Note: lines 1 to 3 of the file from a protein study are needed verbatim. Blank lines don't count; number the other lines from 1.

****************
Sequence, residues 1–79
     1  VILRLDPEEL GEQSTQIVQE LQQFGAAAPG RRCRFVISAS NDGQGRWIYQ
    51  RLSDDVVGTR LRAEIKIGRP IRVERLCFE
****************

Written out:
Sequence, residues 1–79
     1  VILRLDPEEL GEQSTQIVQE LQQFGAAAPG RRCRFVISAS NDGQGRWIYQ
    51  RLSDDVVGTR LRAEIKIGRP IRVERLCFE